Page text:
Augmented Reality (AR) and Virtual Reality (VR) are the hot new kids on the block. According to Globe Newswire, by 2025, the Global Augmented Reality and Virtual Reality Market is expected to reach USD 161.1 billion. But how much do you really know about these technologies? The terms are thrown around a lot nowadays, and are occasionally, incorrectly used interchangeably.

They are both useful to business enterprises, but they differ in what solutions they can offer. In other words, they each have their strengths. If you’re considering working with data visualization experts on creating a new software solution, it’s best to know whether AR or VR suits your product better.

This post will define the two technologies in simple-to-grasp terms and offer advice for deciding between the two.

Defining Augmented Reality and Virtual Reality

To start, let’s define the two terms. They sound the same on paper, and as the two technologies develop, there is some overlap in concepts, but they are fundamentally different.

Popularized recently with consumer products like the Oculus Rift, VR is the older of the two technologies. Essentially, VR replaces your entire environment with virtual space. Think of putting on a headset and being transported to the bustling streets of Paris as part of an experiential marketing campaign for your new coffee product. Or say you wanted to give your grocery store patrons a virtual tour of the orchard where their apples came from. VR allows your business to offer a fully virtualized experience.

Defining Augmented Reality(AR) and Virtual Reality(VR)

AR, on the other hand, augments reality rather than replacing it. Probably the most famous example of AR is thePokémon Goapp, in which the titular creatures are shown through a phone applounging around real streets and public spaces. The virtual aspects are superimposed on a real environment.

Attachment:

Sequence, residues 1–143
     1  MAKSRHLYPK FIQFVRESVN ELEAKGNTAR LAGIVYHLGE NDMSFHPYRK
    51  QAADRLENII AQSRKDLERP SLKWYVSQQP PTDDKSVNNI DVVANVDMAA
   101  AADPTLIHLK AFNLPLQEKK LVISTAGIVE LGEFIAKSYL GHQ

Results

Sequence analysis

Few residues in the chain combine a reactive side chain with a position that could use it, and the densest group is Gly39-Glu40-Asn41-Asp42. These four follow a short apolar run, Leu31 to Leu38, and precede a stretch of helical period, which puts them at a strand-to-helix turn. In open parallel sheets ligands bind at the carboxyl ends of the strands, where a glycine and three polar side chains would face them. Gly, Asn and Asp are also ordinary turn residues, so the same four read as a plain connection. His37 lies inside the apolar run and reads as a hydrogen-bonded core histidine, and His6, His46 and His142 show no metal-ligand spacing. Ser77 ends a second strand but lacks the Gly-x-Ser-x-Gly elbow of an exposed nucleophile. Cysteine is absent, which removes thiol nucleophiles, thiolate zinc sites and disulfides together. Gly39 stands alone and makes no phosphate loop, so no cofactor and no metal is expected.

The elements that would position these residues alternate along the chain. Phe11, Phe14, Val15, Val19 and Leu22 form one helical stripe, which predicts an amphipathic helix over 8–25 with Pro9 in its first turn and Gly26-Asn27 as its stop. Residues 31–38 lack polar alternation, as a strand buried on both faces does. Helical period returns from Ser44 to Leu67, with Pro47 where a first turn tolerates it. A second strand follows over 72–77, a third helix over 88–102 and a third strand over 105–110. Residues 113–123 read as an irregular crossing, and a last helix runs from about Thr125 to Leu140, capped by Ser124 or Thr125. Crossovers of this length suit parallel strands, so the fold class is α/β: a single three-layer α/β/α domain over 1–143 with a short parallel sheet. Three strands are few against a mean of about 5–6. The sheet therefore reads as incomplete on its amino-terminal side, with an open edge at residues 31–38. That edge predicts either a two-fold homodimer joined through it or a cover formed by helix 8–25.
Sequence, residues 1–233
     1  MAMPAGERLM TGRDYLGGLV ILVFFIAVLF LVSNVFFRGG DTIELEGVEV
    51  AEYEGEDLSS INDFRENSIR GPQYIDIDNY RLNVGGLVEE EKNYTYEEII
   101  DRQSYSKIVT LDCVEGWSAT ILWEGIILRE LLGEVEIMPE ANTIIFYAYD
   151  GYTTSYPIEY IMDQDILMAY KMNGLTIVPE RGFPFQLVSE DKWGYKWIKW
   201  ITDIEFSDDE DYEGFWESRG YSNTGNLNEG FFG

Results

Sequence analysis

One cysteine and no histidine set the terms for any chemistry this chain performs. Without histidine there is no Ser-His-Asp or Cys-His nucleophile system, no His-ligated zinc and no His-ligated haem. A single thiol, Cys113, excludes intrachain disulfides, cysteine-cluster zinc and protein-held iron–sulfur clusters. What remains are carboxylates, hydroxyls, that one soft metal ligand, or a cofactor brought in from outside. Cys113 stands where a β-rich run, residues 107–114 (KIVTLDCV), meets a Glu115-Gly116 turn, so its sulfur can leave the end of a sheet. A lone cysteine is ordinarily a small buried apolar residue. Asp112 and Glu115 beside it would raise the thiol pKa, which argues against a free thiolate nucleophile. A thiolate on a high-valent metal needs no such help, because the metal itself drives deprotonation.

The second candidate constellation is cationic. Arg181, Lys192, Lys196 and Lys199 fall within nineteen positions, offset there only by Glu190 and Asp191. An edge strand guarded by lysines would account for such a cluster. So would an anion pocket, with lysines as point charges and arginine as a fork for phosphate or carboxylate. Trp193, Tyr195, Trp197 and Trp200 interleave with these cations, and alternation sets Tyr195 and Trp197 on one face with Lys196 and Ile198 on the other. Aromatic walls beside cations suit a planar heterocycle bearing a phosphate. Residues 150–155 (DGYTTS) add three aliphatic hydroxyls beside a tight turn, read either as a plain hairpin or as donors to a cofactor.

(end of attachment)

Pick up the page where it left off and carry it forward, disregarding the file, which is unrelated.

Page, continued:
One of the best uses of ARin the B2C sphere was the HoloLens mixed reality showroom, which allowed consumers to see the inner workings of cars in a showroom. They were able to walk around the real, physical vehicles, but they could also see the inner-workings of the cars’ safety systems, for instance. This approach foregrounded the product while also giving consumers unprecedented access to the product’s mechanics.

Which Is Better – AR or VR?

That really depends on your product. If you rely on a real, physical context to showcase your product or achieve your goals, then AR is probably your best bet. If the context doesn’t matter as much, then VR might be your best bet since VR is still the cheaper of the two options.

On balance, AR is usually the better option –the visual sensory input of moving around real objects and space with added digital flourishes is more dynamic than being completely submerged in virtualization. Ultimately, you’ll want to consult with an expert enterprise software development company before making your mind up completely. They will be able to review your goals and offer the right solution.

If you’re the CTO or product executive for a company looking to harness the power of virtualization, hopefully, this article cleared the air. And if you hadn’t considered the option until just now, hopefully, the examples above got you thinking. The B2C industry is facing a new reality – virtual reality. Strap on a headset and take part.

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